For the modification shown in Fig. 3, the jagged edges 12, 14 readily pierce the rubber layers 16, 18 to make contact with the gasketed surfaces, thereby providing complete electrical shielding as well as a hermetic seal.
Obviously, many modifications and variations of the present invention are possible in the light of the above teachings. It is therefore to be understood that within the scope of the appended claims the invention can be practiced otherwise than as specifically described.
A gasket for joining the mating surfaces of two electrical conductors so as to provide a low-impedance path for radio-frequency energy, said gasket being formed so a fiat metallic ring having a plurality of protrusions therein, the protrusions being so made as to have jagged edges extending away from each surface of the ring and adapted to make a pressure contact with the respective mating surfaces of the electrical conductors between which the gasket is positioned, the upper and lower surfaces of the metallic ring being coated with a resilient material adapted to form a gas-tight connection between the two conductors without precluding penetration through the resilient material of the said jagged edges, thereby to maintain the electrical properties of the assembly, said plurality of protrusions being of such number and so distributed on said flat metallic ring that one or more of the jagged edges thereof will intercept any straight line extending edgewise through said gasket.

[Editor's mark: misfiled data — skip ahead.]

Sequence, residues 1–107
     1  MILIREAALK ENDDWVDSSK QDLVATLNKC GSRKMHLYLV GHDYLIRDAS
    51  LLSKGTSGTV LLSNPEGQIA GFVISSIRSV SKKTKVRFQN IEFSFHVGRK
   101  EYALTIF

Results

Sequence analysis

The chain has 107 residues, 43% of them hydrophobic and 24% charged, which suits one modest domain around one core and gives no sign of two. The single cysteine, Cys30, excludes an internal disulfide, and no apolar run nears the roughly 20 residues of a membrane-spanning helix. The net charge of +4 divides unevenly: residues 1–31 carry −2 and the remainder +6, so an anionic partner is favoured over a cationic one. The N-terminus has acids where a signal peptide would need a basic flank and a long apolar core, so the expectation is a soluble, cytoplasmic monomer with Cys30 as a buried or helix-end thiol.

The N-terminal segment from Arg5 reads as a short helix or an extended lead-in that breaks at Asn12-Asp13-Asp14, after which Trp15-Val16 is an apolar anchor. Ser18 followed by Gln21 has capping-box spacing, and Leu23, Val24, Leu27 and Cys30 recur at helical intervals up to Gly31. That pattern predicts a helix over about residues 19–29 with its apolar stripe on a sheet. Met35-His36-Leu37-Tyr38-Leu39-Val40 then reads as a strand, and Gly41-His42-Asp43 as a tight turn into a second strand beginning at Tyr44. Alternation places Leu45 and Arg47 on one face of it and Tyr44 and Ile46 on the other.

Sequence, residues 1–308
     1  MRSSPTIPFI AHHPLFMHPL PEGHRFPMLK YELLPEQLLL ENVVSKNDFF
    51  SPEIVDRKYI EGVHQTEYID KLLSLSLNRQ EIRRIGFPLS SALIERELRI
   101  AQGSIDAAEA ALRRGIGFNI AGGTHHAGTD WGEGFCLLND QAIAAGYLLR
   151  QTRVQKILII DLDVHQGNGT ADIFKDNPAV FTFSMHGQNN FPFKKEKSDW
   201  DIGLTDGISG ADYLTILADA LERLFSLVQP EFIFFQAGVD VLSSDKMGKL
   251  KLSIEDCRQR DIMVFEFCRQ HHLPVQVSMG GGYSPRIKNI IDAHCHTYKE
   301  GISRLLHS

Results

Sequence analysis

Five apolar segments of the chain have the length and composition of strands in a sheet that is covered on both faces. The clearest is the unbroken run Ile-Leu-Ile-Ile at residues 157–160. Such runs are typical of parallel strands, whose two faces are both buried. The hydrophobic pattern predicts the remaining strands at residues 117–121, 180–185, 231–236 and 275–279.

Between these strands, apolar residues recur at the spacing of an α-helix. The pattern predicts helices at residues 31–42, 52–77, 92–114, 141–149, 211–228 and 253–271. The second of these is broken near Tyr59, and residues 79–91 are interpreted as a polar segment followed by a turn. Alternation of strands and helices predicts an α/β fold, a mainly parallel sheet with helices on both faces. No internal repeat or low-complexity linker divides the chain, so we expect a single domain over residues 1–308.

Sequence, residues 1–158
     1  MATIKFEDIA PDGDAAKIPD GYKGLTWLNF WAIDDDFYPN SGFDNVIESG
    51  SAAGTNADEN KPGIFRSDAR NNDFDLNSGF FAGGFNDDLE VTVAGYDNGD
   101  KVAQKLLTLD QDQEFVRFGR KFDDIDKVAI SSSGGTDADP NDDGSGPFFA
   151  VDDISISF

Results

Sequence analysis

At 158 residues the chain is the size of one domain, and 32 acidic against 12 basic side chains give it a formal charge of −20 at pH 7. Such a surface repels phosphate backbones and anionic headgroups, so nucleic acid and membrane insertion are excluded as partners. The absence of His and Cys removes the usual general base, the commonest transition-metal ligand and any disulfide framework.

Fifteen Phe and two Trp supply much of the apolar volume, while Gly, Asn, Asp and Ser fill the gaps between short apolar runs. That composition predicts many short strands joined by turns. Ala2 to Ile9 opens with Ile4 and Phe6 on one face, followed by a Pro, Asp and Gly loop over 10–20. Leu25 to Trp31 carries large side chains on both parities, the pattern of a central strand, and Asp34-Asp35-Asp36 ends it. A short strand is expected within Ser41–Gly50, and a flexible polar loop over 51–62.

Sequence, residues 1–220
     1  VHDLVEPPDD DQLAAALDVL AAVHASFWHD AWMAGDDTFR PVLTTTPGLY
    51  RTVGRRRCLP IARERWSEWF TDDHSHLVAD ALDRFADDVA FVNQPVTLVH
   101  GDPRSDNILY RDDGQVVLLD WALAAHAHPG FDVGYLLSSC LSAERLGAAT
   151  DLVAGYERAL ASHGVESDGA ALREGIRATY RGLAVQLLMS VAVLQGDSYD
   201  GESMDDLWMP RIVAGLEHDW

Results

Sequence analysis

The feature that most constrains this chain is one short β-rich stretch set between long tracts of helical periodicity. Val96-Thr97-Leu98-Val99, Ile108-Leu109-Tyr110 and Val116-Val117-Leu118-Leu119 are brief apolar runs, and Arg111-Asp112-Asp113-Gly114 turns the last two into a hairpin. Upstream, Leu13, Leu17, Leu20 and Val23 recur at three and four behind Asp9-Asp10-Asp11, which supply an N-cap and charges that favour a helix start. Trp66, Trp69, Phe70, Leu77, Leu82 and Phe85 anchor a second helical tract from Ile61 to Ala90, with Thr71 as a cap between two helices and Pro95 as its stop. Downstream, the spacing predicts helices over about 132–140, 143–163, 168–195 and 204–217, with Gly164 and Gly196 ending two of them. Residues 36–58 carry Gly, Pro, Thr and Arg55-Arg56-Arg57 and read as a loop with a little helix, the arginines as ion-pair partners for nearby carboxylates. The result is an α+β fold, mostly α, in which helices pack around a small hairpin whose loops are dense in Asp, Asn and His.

(References on following page) References Cited in the file of this patent UNITED STATES PATENTS Brennan July 13, 1948 4 Pierson Nov. 23, 1948 Robinson July 26, 1949 Goodhue May 20, 1952 FOREIGN PATENTS Great Britain Dec. 18, 1925 Germany June 3, 1952
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|Clasificación de EE.UU.||174/351, 277/652, 277/920, 333/248|
|Clasificación cooperativa||H04B15/025, Y10S277/92|